"Within the last 24 hours, we have identified a situation that may have resulted in our subscriber information database being compromised, including password information," Keith Teare, the company's chairman and chief executive officer, wrote in an e-mail distributed to customers.
RealNames said it has no evidence that any of its customers' stolen credit card numbers have been used. The company has beefed up security on its networks since the attack and assigned new password and login information to each of its members. It also called in federal investigators to help resolve the matter, the company said in the e-mail.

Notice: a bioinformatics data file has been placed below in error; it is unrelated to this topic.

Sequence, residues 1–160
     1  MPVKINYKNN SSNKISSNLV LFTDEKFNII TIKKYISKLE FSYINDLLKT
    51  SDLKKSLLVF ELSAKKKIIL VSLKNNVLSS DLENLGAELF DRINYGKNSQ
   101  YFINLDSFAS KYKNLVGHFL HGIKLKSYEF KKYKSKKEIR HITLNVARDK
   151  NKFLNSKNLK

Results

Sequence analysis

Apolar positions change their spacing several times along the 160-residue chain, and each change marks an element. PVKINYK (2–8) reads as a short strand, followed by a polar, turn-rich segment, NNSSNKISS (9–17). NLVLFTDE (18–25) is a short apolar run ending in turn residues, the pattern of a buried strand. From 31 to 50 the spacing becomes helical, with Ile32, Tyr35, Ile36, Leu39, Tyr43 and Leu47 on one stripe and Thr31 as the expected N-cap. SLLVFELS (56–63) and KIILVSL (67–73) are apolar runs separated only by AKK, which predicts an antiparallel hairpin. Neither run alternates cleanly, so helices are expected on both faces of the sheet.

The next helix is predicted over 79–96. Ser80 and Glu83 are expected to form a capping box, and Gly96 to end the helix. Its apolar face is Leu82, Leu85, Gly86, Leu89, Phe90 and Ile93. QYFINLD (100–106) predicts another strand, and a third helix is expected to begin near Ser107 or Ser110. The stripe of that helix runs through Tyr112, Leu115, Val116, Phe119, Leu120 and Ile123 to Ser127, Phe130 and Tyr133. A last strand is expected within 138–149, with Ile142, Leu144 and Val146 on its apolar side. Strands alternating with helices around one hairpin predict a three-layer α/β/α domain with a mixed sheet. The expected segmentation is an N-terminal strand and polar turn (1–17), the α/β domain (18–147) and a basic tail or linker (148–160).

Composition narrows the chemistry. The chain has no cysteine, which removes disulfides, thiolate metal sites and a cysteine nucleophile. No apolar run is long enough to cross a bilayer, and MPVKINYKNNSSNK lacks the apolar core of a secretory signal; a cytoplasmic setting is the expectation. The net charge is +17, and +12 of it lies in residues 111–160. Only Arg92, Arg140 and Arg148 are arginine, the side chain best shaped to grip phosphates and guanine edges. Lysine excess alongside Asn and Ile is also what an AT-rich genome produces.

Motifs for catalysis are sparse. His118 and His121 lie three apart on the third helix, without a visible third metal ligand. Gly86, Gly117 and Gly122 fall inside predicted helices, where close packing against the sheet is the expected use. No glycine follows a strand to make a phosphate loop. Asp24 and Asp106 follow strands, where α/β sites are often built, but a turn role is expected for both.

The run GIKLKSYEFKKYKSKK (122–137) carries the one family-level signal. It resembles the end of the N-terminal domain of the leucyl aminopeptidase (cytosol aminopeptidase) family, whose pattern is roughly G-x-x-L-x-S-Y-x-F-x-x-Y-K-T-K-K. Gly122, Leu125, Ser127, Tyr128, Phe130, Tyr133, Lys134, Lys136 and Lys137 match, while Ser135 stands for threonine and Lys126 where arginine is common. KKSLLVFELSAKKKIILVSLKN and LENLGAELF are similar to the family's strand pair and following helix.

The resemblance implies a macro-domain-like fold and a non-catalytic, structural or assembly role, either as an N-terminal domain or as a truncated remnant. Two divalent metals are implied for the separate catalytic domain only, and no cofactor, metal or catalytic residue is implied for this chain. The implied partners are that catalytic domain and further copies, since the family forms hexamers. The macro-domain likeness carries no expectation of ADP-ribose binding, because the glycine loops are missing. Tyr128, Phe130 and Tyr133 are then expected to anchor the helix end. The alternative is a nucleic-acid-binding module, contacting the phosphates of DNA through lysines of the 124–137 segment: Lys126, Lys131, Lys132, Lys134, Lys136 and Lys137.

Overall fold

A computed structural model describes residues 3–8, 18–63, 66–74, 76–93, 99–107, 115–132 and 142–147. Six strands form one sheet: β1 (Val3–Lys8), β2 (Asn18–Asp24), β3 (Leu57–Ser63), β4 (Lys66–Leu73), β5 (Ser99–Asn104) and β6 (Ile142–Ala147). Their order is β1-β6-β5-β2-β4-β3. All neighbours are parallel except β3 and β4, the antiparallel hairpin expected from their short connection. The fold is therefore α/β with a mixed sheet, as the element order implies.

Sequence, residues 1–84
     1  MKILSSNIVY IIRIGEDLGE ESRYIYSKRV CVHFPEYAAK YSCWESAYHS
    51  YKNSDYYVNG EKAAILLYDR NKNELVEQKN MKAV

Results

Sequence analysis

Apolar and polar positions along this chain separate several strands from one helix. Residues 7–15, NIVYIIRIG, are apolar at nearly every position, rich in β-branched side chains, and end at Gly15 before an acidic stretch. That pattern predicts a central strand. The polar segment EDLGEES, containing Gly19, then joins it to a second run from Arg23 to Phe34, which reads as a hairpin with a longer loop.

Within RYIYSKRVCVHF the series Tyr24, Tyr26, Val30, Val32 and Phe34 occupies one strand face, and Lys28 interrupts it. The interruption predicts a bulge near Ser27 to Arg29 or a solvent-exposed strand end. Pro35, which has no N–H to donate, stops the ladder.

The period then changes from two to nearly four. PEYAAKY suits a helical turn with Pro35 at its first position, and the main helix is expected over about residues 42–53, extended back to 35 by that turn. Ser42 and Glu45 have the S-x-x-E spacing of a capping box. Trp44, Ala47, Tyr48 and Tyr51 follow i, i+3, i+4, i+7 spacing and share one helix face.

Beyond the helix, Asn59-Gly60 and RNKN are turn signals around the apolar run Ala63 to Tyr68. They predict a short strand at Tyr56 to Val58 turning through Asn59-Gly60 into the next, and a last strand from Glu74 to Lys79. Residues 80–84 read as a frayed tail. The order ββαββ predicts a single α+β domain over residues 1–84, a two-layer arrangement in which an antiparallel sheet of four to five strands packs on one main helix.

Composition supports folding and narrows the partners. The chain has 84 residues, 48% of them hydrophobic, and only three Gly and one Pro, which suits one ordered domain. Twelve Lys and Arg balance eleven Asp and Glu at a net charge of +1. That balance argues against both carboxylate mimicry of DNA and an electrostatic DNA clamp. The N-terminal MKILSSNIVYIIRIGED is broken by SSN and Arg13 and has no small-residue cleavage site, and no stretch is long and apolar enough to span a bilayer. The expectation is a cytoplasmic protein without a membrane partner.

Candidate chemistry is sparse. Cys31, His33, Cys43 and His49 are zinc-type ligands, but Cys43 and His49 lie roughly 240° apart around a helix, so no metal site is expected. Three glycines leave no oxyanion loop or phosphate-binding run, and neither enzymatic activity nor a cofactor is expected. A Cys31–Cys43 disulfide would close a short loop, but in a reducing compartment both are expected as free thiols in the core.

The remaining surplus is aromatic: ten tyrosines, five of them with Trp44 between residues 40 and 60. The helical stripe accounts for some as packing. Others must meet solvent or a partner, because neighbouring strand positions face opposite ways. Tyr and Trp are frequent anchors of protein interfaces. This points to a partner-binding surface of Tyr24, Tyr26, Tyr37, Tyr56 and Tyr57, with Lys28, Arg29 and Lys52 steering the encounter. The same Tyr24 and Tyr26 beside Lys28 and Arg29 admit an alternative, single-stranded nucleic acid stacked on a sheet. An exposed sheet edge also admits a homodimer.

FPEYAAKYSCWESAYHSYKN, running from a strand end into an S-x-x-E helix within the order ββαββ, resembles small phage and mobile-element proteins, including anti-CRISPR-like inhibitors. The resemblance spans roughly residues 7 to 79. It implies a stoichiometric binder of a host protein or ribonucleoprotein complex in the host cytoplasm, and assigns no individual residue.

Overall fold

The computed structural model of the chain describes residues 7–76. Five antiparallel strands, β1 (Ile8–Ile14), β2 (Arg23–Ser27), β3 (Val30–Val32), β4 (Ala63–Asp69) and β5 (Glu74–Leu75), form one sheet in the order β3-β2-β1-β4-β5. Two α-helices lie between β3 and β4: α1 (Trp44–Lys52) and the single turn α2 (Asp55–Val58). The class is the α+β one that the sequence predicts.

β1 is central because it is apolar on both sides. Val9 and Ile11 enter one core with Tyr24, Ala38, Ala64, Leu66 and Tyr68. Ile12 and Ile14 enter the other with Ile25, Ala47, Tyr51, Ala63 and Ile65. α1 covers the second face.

The hack appears unrelated to a series of "denial of service" (DoS) attacks launched earlier this week against prominent Web sites including Yahoo, eBay and Buy.com. DoS attacks disable a site by bombarding it with a high volume of information requests in a short period of time, causing the site to crash or grind to a halt.
In some ways the attack on RealNames was more serious, in the sense that hackers actually penetrated RealNames' network and stole sensitive information about its customers.